Sterling Standard from Sterling, Illinois on October 16, 1928 · Page 12
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Sterling Standard from Sterling, Illinois · Page 12

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Sterling, Illinois
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Tuesday, October 16, 1928
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Page 12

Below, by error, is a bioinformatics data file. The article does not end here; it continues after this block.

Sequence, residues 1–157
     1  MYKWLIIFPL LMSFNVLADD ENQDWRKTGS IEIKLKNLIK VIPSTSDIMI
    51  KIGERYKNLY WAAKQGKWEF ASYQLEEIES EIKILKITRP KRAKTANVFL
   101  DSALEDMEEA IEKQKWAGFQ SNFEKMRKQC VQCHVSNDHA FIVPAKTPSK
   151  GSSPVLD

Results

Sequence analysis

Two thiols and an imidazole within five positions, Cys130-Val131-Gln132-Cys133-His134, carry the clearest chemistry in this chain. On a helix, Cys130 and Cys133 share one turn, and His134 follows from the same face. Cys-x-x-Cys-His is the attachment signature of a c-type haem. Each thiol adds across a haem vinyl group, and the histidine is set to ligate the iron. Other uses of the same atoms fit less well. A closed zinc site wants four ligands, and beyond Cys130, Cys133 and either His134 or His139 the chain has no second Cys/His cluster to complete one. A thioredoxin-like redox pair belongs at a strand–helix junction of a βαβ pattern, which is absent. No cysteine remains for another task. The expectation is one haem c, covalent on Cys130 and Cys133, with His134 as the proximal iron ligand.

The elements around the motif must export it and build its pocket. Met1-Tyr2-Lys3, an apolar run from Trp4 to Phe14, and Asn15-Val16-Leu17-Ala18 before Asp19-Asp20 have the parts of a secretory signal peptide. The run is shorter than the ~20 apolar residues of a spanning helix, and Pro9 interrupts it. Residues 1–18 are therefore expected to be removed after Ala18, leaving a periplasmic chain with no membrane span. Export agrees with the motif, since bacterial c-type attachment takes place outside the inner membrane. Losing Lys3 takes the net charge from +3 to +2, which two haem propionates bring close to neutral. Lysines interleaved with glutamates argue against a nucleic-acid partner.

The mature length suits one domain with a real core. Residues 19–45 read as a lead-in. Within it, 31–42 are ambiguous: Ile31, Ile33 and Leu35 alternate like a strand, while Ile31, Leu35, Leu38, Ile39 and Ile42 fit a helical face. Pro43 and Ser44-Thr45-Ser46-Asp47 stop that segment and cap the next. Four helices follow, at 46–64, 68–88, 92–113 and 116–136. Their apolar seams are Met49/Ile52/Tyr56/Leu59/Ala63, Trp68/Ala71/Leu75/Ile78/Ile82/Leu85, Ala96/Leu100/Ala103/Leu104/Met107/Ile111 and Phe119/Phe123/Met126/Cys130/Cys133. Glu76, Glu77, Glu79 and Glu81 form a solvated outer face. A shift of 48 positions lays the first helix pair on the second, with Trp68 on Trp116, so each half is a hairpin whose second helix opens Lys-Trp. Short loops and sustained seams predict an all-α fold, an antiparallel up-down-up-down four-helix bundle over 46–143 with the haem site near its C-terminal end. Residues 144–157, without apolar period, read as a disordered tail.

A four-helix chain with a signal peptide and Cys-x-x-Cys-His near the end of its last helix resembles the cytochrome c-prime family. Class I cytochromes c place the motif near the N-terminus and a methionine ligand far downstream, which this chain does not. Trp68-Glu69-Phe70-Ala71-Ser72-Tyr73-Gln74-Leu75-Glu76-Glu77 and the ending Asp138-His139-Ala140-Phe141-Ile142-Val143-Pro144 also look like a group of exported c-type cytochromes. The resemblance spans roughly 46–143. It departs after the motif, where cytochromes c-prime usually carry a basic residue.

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it*&V&%*!~>-&&3&pft*?*,-i.. MI-7 CA7,|^ CHAPTF.R 1 But Jrrnr couldn't, hf-l^ve if. Again and «g»in she ffmts? brr hand into ihr £f!i f<->l f K poking jind digging in « «p»rr Ihnf <imM no! tone bnve ronrmlf'l *» plnhrnd. Her roommate. pownVrini* hrr nosr bcforr Hie goldm oak ffrcsprr, heard her pf^p ntul vhrr-lrd in alarm. "What'* th" mntfer?" "My money is jtjnnr!" "No!" Myrtle stirrd at the open bng in Jrrry's nerveless fmjtrcrs us though it were- poisonous. "Maybe il fell out. Let's look in thr closet." The Search wns a frantic onr. Every inch of the dark cubicle wns covrred. "I wnrnrd you not fa Icav i( here," Myrtle said when si lust they gave up. She. was exasperated because she feflew what the loss of the money %vould mean to Jerry Ray. When a girl refused to treat herself fo a soda for weeks and weeks . . . "Why didn't you give i! fo Mrs. Addison?" ; She knew the answer to Hint too. If Ihcir landlady knew that one of them could save money they certainly would get that threatened raise in their room rent. "I thought it would he nil right for one night," Jerry sobbed. The theft was fast becoming a reality to her. For nearly a year she had saved that money, dime by dime, quarter by quarter and dollar by dollar. It had been almost impossible to believe, when she opened the hag and found it gone, that it had been stolen, that it really was gone. Why, she had starved for it—for the chance it was to bring her. It seemed sort of funny that only a few minutes ago she had run up the stairs ahead of Myrtle, who wasn't going to Atlantic City, tripping over the hole in the carpet before their door, as usual, hut with an unusual song in her heart. As quick as that even-thing could change. The song was a dirge now. Myrtle tried in vain to comfort her until George came. Then she had to go. George couldn't be kept waiting. Jerry lay on the bed, white and tense, her disappointment eating deeper into her consciousness as her thoughts traveled backward. Another year at the lace counter before she could have a vacation again. Another year of automats and self- sen-ice restaurants, of movieless Saturday nights and not even a late magazine to read. Myrtle had argued heatedly over what she called Jerry's crazy idea. But Myrtle didn't know. Myrtle didn't want things the way Jerry wanted them. Myrtle Crane was content to look forward to a future with George in a three-room flat. Myrtle believed in love. Jerry didn't. "I've seen enough of it", she said when Myrtle wan tec? to _... knp_w_*_ t h_p\v_she_fipt_ thai Avar." "J know what it did to tny mother. It's just a snare." Her mother in the hoi kitchen at Marblehcad. . . . There was no gas in their uegil>}>orhood and the grocer on the next street was glad lo give them boxes and crates—her father wouldn't buy oil when he could get summer fuel for nothing. And her mother's room under the'sloping roof— hot in summer, cold in winter. And her father and her brother Harry. Both of them hated work. Harry had married a cute little kid he met at a dance. Jerry had listened in silent anger to Doris* ravings about Harry. Hurry had promised Doris love and romance. Jerry twisted her lips in contempt as she dwelt on that year Harry and Doris had spout at home after their mar- —Tiage."--She-conld-not-forger-Doris* disillusionment when she discovered that Harry was iriore interested in what he liad to eat titan in how she looked or what she thought of him. But such a thing could never happen to her. Her mother's experience was enough. She had never heard her say one word against marrying for love, but Jerry had guessed at her bitter awakening. Once her mother had confided to Jerry that she was the only beautiful thing in her life and in Jerry's heart had been born then and there a tierce resolve to compel beauty for her mother, to bring some luxury into her life. She wanted, with a longing that had grown with her through the years, to rest her mother's iumds, to see the cal- -tetwes disappear and the 'broken nails mend. She wanted skillful fingers to rub out the furrows on her mother's brow, but above all she wanted to see those drooping shoulders lift wild a light shine in the duH blue eyes. a matter of pmpjnqusfy—ymi could choose war fieUl Jerry know she anprnrrd soiille** fo Mrrfte, hnt fftCij UfWil^ —»« a fool. *h« thought. She wondered why, peapie"wfIT i>im<l when «n nlMM.it them wrr? the wrecks ««f " She was not ashamed of ]hrr drdsion fo marry uionrv She wasn't going to "sell" herself or anything like that.'" Tl>.man rmist be someone she could respect ami like. She snw no rrason why marriage should be approached in n cov, oh-H-just-happrned manner. • Myrtle had scoffed when she explained this, "Well, I'd rather marry George than n man 1 didn't love even if hVhn<! o million," she said, Jerry had flared hack at her. "It'?! George because propinquity didn't make it Homebody else . . . ." ""A Vandcrbilt or an Aslor, huh?" Myrtle broke in "Don'I he so funny. Jerry. I got enough lauglis out of you alrea.lv. ion «,on I owe mr any more. Even- time I think erf vo'u and your shadow stmliing down the Boardwalk tryitic tn pick up a billionaire I choke " thought It would be exciting to shop there. She wondered what good ffw clothes would do her now. She was still lying era fhe feed, fully dressed, when Mrytie returned. Myrtle was excited over something. Jerry supposed, without giving it. mueh thought, that" George TOC! been making Itrre lo her, "How about a Jifffe j^ cream ?" Myrtle asked, intending fo treat. Jerry didn't want ice cream, "Well, sat', listen., Jerry, I've hrrn f(linking — you'll go camping with me now, won't you?" Jerry didn't answer. "Gee, you*!! like it," Myrtle went on. "I wns out there last summer, you know. I've got the tent and everything. JJelta BOM me her half of it when she got married.' We used to camp together. George stored it in a garage for Tttf* * "»** **»» •" t—.— JL.*. aT_l*V_*d . . . _ —. .. -L *~* Mb you over to look if ' «f morrow and see about •{frmsKbled wlnle they Fifteen mm^m •$$». derbred **M» camping at the did InMue. " "* ' ••Why, well be burled' bare wiffcwt * car " nhe aghast at the idea of MUtaMie. * ---»»-«- BtMi,owIfwa»jrerTyw!»OT^ tevm entn«»l with the place, A ramshackle old with a wide porch on one end, a grove of ntapte tud a few lowering oak, looked like a cool green paradise to her. She begged witb good effect Myrtle agreed to §t»y, to deliver the tent and equipment. Mrv to put it go it wouldn't be eon- . -T — „ idea,"Jerry had nnswcred sercnr- w Ik m n ° ! g °' ng f ° Atlantic City !o I )arm} c the Bwsrd- "You don't expect fo meet a Social Reqislrr fluy in a src- ond-class hotel do you?" ' \M r I"» no1 g °! ng to " SCCOI » d -ctoss hold. Listen, Mvrllr. \viuii c?o you think I've hccn saving my money for? ill toll you.- Im going to have « wrok in thc'hest hotel in Atlantic fo squeeze us in somewhere.** A flicker of interest passed over Jerry's face. Myrtle did not .we it but she was sufficiently engrossed with her plans to go on without encouragement. "There's always a swell crowd," she enthused; "and it isn t far from the beach. Come on, say yes. You'll be fjlad your roll was lifted when you meet some of the boys that camp there. Honestly, Jerry, you'd have had a dumb time all alone ia Atlantic Oilv." city. The right clothes, the right place, and I know I'll find the right man". • * * * • And for this she liad come to New York. She had told them frankly at home that she was coming to marry money. They lauglu d ut her, ail hul her mother. She warned Jerry gravely against making a mistake. But New York luid disappointed Jerry. Rich men did not come seeking bridt-s at Fane's department store. She met a few boys, friends of George, hut they were like the boys she bad known at Mai bit h, ;ui, satisfied' to have just a "job" —nothing else. That, would not do 1W Jerry. II you believed in love it was different -you must marry blindly. But if you were not a sentimental ixoob you could make your marriage a career. Jerry had read" somewhere that marriage was a waiter of propinquity, Bdnn what she called intelligently interested in marriage t»he looked up propinquity in a dic- tiouary and learned ihat it meant nearness in place or time w If that was all there was to it why not benefit by it? Going around with boy* who had nothing- but love to offer, you would marry fur. love. For love! Jerry believed that amt people knew no more aiiout it than a ueu knows why she lay* an egg. It was a utee word, but you might «g well !«r tlmrdttst or ruses, t*r ut-ctar, or anyttiifitt tfce tibart well ° . e you proiuu*s-if lie didn't talk about ^ .Itttfides wind Jerry <U-dtfcd la give hetsetf ta*i ctMMt, Ubis was shortly after she came to New ¥ork. Ilie b*at w»y f she concluded, since th* mouiiUuti dj*iu*i et, »**» t« g« u, the luounltda. A ftal tnoutt- ma* tfat ao\uuUt^» ctf kuuwlog iMt marriage Now, thinking over all the sacrifices she had made, the money she hud wanted to send her mother and hadn't because it was to free them both from the ugly conjines of poverty, Jerry felt weak and defeated. The room was stifling hot, filled with the heat of the city's masonry that even the night could not entirely release. Jerry had let her mind train itself to picture the things she wanted for her mother and herself. Smooth beaches, roof gardens, the deck of a white and mahogany yacht—she liad read of them,_seen photographs of them, seen fleeting- glimpses of them in the news reels. If such places and things existed why should she not aspire ta them? Certainly the people who had them hud not been content to want less, she reasoned. Her room,-by contrast with the things she liad dreamed of, seemed doubly hot. And how she hated it—the jaundiced wall paper and thread-bare rug, the curtains that hung with a listlcssness like her mother's movements. Tired. That was it—the room was tired, perhaps tired of the stream of colorless tenants who came and wt at, their drab-patterned lives making no imprint. Tired, as her mother was tired of the years that came without event, unheralded, unsung. Flat, tedious years. Years like :i gray soil (hut ha<| put forth one blossom to justify its fxistt-uce and then had gone on molding, dying. Saving lo lift her mother, by Hie only way she knew, into a more gracious world than this, had not been an unadulterated hardship. It had been Uirillimji to vvulcb tier savings account grow. Yesterday, wlien she had withdrawn it from the batik because she would have no time oil Saturday to attend to it, she had felt like dancing out with it. \\itai were .sodas and shows then? The risk of leaving it in lier room overnight had seemed uusvoitkbie. Sue was leaving on Sunday ujonuny. She had mried* little-over it . . . there fead been a sneak tbM m the home two years before, she had heard, but she was !<M> dated-over the vrmptcl of what lay before l^r to'tbink" much of trouble . Her. J*ew. wit, «M» -w*s fwdked with lowly ititugs. N<st a- • • faded or meaded garment in it, Mich «s filfed her share of the fimited drawer space in the tnuttiaJly used dresser.' t, che b«d thai ruudt lo show for her thrift Some pretty .1. . ^ J 1 * 1 ? ¥** •** *•**'* bought lh« evoMPj tot** *- that she had pteued to get in AUaofte ' City. ' &lBfafatt~.«£ u. j-.-ja.iA»j-. Jerry did not feel like taking issue with her about that It was all right to argue when she had a, choice. But now if she refused to camp with Myrtle she would have to spend tie. The Atlanti she was asleep „ Thy drove out to Glen Cove in George's battered little a*» built mostly from junked automobiles. Jerry rt-mark- e4 the number of fine motors that purred swif tiy-past-them-- on the highway. "Yeah, the North Shore of Long Island is lousy with millionaires," George informed her. Myrtle gave Jerry, a sly glance, "Not a bad hunting ground, kid," she said. "If you can get in." "How did you happen to find, a camp out there?" Jerry inquired, ignoring her suggestion. "Why, this man Barnes has some land in the not-so-high- hat neighborhood that he's holding for speculation," Myrtle explained. "lie rents the camp sites to pay his taxes. On a hot summer like this his place is always crowded I hone we aren't too late;" But they were. The camp sites were all taken. "Now wliat'il we do?" Myrtle waited when Mr. Barnes gave her the bad news. He didn't know, but she asked him' so many times, m such genuine distress, that he was driven td thiuk it out for her. *TH tell you what I can do for you/* he said at last, speaking a bit reluctantly. "I've got a house down near the shore that's empty, been empty for yew*. Being's I know you 1 can let you camp there. You'll have to boil the water and! you 11 have to keep quiet. 1 don't 'want a^iy trouble with Mr. Canstairs." "Who's he, Mr. Barnes?'* ""Carstairs? Humph. He owns the place next door, and, a*t you go trespassing or get a g£ng i^anfiiag aroumi b«~ shore property some day. rm doing tbia us a favor to you, y«u«g lady, and doa't you forget it tte-GwivfavM ctigfe- Mariiood is no f tH* jat pegt, .,-;.--J turned up her mat. »« M ^», Wi ^wp^nr^w, wdi.it delay our first hundred to hang up our hats in thai tiacred spot?" . **Twej*iy-iive» the same as hert. The water's free.** is it. j * _ » --- - — -—•"-jf f *»a-fc.*«^ VTp«tn_,gj( <V¥df^ on the edge of the maple grove, where the morning sun would wake them. Jerry had almost forgotten her disappointment of ths previous ctay._ While George was away for the tent she and Myrtle had hitch-hiked to the nearest village and bought a picnic lunch. When he got back they had spread out in the shade, all except what hunger had compelled them to gobble up. Myrtle thought they ought to apologize for having eat en, but she stopped when Jerry gave her a look. It wA* nearly two o'clock. They had breakfasted at seven. Why should they gel a headache? she asked when Myrtle had said they ought to wait for George. "Well, it would be more hospitable," Myrtle argued. "George will be starved when he gets here." "Will he?" Jerry replied with the twisted smile she used when speaking of men. "Starved?" she asked when George arrived. Myrtle started then to explain that they'd been so famished they'd just had to cat. Jerry's glance silenced her. "No, I had some hot dogs down the road," George told them and Jerry laughed. Myrtle flushed. "Here, I brought some along for you kids," George went on, and brought out a paper plate covered with a paper napkin. Myrtle laughed then. They ate the hot dogs with relish and put the •pread- out lunch away. Then they busied themselves with th» tent. "Put it right out here," Myrtle ordered; "it's swanlwj enough for anyone." It was a forest green umbrella tent with' a canvas floor* and George made short work of getting it pegged. Whefi that was done Jerry offered to put away the camp thingal while Myrtle and George drove to the village for some iodine to put on a cut Myrtle got on her hqnd. Cots, a table and chairs, a small gasoline-burning sUra» and a few dishes and cooking utensils had been stored (I with the tent. The girls had brought blankets from thd* W room and a suit case with the things they would need overnight. The next evening George would take them to town to-.tf^LJ] 16 Test °f t ^ e * r out ^^» w M cn ***y **?d M* waatodL lo bring until "'(bey were sure of a camp site. Jerry had scarcely got the camp in order when slie hear3 George had kissed her goodby. What was a kiss? JNo^boy fleeting moment she envied Myrtle—it must be fun. to have a boy friend with a car. even a junky, old rattletrap. No, why not a real car? Men were ail alike, only some were worse than others, not better. They should be chosen for what they had—there was a difference in the way they fooled girls about love. She couldn't see any reason for Myrtle's beaming after- George had kissed her goodby. hat was a kiss? No bov had ever kissed her though several had tried. "Stop looking down the road like a mooney and show me how this stove works," she said irritably. Myrtle was such a confirmed nut about love. It made her sick. "Wait a/ewjyearSj'ABhe thoughtJ_'flnd. if J auk her what she thinks of marriage she'll tell me it's all right but a girl oughtn't to rush into it" "Let the stove alone," Myrtle said good-naturedly; "and " Oh °. ur b ' hto « Of the Jerry certainly did. Out of tlie whole tiling. Hie bathing and the prospect of a night cool enough for comfort She was almost happy when they sat down, hungry, and tired, to finish what was ieftof their mid-day lunch. The stove hada t worked -very well an* Myrtle said they would have George fix it. » 4 * f * " Jerry looked up at the sound of a motor in ffee «& £ silver plane was winging overhead in what looked to tea- like the attempt of a huge butterfly to find a flower to hind on. *Too- bad George doesn't fly", she said huuly; "you need him so much.** "You'd get to depend on your boy friend, too, if you had one," Myrtle retorted instantly. "Well, I'd like to know what that guy up-there is depending upon," Jerry answered, her voice more serious than her words. "Look at him; he's pointing right at us! Run!" She jumped to her feet and sprang backward, still yelling at Myrtle to get out of the way. She heard a shrill screech in answer, or rather bob note of it, for the rest wns drowned out by the uproar the plane made on its dive into their camp. Jerry lost her balance and fell. She got a nasty crack on the side of her head and what followed immediately after the ctmsh was k»fio her. The first tiling she beeping Gm* scions of was .the sensation of being cradled in a very satis*" J^»*3j t*»ting place. Her head was held just right iis a pkea .* Bui that seme of security and ease was soau kit A i jfeot like Sm across her brain an4 she erteiNgt •-'**~ flashed open as the agony cleared ' - - - with « sensation she wag never 10 masculine face beat over her .«T._dT£JLJ-\. 'A "